At a ceremony Nov. 17, 2022, in New York City, New York, the George C. Marshall Foundation Award was presented to Dr. Condoleezza Rice, the 66th U.S. secretary of state and current director of the Hoover Institution at Stanford University in Stanford, California.
The George C. Marshall Foundation, located at Virginia Military Institute in Lexington, Virginia, is a nonprofit named for Gen. George C. Marshall, Class of 1901. Marshall served as chief of staff of the U.S. Army under Franklin D. Roosevelt and Harry S. Truman. He served as secretary of state and secretary of defense under Truman. He was awarded the Nobel Peace Prize in 1953. From its dedication to keeping the values alive that shaped and motivated Marshall, the Marshall Foundation recently recognized two distinguished Americans in honor of the 75th anniversary of the Marshall Plan at a private ceremony in New York City, New York.
The award is presented to an individual or organization that has made a significant international contribution to easing hunger, poverty, desperation, and chaos. The purpose of the award is to encourage and recognize significant humanitarian service, foster international economic development, create public awareness of the recipient’s accomplishments, and encourage others to emulate those good works. Recipients are selected based on a career of distinguished public/civic service in the nonpartisan tradition of Marshall, for dignity and integrity of character, and for devotion to creating and perpetuating free and democratic institutions and promoting appropriate economic development, which will allow them to flourish. Past recipients include Henry Kissinger, Colin Powell, Frederick W. Smith, and David Rockefeller.
According to Paul Levengood, president of the Marshall Foundation, Rice was recognized for her distinguished public service career in the tradition of Marshall, her dignity and integrity, and her commitment to education, international relations, and global peace efforts. “She has demonstrated a devotion to the institutions of individual liberty, private enterprise, and democracy, which enable human beings to prosper. Her example of determination, grace, and keen intellect has been an inspiration to all Americans,” said Levengood.
In her acceptance speech, Rice remarked, “What made it possible for Marshall to do what he did is, first and foremost, the character of the man. It was also his experience with war—to recognize that out of war could come peace and an understanding that peace had to be just; and if peace was going to be just, it meant that men and women had to live in freedom because no one deserved to live in tyranny.”
Kenneth C. Griffin, founder and chief executive officer of Citadel, an investment company headquartered in Miami, Florida, received the George C. Marshall Foundation Humanitarian Award. This award recognizes an individual or organization for their significant contributions to ameliorating hunger, poverty, desperation, and chaos in the spirit of the Marshall Plan or otherwise creating conditions to improve the health and welfare of people in need of assistance. The award seeks to recognize significant humanitarian service, create public awareness of the accomplishments of the recipient individual or organization, and encourage other individuals and organizations to emulate those good works. Past recipients have been Michael Bloomberg and David Rubenstein.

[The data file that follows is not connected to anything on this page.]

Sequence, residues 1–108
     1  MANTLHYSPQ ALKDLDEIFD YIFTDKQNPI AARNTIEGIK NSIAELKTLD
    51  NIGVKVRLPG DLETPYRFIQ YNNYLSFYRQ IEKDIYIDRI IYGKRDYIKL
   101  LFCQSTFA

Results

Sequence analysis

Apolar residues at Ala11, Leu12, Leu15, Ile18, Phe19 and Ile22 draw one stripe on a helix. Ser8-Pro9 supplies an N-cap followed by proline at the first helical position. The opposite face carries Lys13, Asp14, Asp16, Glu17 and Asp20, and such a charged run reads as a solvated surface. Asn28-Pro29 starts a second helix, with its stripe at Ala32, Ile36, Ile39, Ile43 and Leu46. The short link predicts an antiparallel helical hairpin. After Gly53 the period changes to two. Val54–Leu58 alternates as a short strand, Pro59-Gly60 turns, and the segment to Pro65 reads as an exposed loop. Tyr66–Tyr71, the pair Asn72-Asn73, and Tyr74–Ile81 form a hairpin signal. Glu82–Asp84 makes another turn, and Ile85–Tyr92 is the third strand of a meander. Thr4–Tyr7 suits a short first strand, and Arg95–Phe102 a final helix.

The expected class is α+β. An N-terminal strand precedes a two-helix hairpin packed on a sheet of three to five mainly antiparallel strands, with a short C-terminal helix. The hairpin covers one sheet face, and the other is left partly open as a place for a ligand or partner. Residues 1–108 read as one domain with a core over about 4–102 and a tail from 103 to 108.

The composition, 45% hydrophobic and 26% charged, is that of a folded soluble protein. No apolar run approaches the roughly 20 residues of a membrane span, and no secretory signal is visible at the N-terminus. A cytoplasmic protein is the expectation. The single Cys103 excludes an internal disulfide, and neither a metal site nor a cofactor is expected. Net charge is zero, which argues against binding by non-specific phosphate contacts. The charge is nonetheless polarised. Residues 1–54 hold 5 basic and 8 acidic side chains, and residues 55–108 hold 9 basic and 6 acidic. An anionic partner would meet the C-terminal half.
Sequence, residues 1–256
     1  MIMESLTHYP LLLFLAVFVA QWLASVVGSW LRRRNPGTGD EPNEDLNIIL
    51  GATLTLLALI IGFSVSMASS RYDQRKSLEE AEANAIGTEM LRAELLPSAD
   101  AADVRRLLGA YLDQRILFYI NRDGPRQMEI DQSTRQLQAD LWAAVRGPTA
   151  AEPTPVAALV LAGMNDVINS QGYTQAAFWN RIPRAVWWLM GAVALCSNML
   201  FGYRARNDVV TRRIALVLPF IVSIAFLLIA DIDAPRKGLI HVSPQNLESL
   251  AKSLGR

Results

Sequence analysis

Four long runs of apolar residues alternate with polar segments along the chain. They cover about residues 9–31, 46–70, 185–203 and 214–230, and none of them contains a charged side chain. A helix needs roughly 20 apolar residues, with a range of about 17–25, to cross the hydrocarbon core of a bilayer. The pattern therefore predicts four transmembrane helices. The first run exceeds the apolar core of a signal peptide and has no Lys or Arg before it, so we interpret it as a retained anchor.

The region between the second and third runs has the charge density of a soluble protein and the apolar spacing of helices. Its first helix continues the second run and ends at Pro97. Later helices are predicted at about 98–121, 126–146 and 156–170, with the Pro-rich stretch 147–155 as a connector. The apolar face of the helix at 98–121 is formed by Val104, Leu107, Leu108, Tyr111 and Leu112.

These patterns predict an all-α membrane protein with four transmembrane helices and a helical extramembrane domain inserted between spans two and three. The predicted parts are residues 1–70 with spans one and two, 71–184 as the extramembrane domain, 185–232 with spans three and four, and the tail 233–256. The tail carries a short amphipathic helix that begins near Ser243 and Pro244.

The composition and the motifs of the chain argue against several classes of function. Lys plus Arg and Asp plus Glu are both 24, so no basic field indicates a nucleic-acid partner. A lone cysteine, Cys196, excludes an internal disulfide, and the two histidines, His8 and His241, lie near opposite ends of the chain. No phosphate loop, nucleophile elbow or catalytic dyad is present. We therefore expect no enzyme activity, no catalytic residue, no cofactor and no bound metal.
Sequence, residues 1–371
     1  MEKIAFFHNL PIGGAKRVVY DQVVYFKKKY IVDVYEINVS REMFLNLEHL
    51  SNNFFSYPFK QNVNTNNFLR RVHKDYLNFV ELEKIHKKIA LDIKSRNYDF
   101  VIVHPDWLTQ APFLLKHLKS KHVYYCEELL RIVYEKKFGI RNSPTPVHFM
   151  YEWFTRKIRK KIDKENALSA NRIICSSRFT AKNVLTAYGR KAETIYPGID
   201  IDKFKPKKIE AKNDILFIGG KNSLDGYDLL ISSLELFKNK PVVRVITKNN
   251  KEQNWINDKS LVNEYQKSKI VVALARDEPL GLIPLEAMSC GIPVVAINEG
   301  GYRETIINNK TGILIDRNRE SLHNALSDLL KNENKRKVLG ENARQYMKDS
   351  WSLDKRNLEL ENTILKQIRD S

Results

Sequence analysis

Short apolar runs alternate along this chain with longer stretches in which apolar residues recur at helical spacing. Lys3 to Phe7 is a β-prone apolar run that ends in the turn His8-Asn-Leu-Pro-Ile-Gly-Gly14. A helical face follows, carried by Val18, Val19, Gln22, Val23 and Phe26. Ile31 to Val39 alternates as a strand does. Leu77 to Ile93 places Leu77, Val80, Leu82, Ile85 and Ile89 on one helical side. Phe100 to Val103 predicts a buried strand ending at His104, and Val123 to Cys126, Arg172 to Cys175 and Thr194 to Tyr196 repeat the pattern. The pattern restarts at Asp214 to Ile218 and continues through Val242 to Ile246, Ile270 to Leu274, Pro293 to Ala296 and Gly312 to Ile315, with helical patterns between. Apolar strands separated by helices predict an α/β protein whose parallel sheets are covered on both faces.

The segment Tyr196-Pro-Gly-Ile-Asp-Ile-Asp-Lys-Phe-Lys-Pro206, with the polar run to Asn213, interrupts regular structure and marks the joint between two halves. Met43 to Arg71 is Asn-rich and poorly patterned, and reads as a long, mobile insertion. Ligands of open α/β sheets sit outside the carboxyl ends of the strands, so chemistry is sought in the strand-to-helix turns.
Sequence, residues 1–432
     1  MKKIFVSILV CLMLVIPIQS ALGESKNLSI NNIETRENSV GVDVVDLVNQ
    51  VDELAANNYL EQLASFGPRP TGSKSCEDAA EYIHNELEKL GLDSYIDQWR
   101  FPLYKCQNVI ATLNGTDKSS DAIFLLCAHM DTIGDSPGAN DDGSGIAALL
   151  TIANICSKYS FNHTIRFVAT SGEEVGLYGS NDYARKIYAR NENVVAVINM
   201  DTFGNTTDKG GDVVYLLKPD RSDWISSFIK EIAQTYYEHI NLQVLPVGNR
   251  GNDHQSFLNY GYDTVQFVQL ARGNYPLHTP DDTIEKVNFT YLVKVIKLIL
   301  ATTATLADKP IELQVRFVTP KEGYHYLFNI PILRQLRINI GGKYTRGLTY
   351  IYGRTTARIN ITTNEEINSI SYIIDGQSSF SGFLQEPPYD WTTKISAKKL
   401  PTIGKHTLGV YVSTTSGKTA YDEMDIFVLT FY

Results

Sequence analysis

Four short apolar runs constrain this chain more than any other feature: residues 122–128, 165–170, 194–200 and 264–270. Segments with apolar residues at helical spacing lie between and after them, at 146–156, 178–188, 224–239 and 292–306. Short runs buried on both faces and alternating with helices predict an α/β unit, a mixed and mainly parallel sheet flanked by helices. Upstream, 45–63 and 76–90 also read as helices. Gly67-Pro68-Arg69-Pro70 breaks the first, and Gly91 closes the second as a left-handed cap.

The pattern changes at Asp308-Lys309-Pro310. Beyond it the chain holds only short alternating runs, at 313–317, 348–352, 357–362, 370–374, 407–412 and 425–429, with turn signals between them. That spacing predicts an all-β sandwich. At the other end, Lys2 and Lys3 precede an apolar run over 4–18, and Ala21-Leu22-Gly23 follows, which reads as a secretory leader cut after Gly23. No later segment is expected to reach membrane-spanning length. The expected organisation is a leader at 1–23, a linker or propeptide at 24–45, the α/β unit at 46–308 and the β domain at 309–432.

“Griffin was recognized for his extensive civic and philanthropic work to expand access and opportunity in America, including his efforts to broaden access to high-quality education at every level, advance medical research, reduce criminal re-offenses and violent crime, and support our country’s world-renowned cultural institutions, as well as those who have served in the armed forces. He has excelled as a strategic thinker, a problem solver, a visionary, and a champion of human potential. Like Marshall, he has worked thoughtfully and innovatively to ensure that citizens of the American republic are better informed about the history and potential of our nation,” stated Levengood.
In his acceptance speech, Griffin advocated for a commitment to following the Marshall example, in part, by focusing on education. “Education is a key to national strength and prosperity. We should teach our students critical thinking skills instead of engaging in ‘culture wars’ in classrooms. We need to enhance our emphasis on early literacy, math, and science. Only in this way can we maintain U.S. prosperity and leadership in a rapidly changing world,” said Griffin.
Representatives from the foundation who were present at the ceremony included Levengood; John Wranek III ’85, director of development; Melissa Davis, director of library and archives; and Leigh McFaddin, associate director of development and special events. In addition, Maj. Gen. Cedric T. Wins ’85, VMI superintendent of VMI, and his wife, Mrs. Cassandra Wins, were in attendance, along with Col. John Brodie (Hon), VMI music director, and members of the Institute Brass.
Marianne Hause VMI Communications & Marketing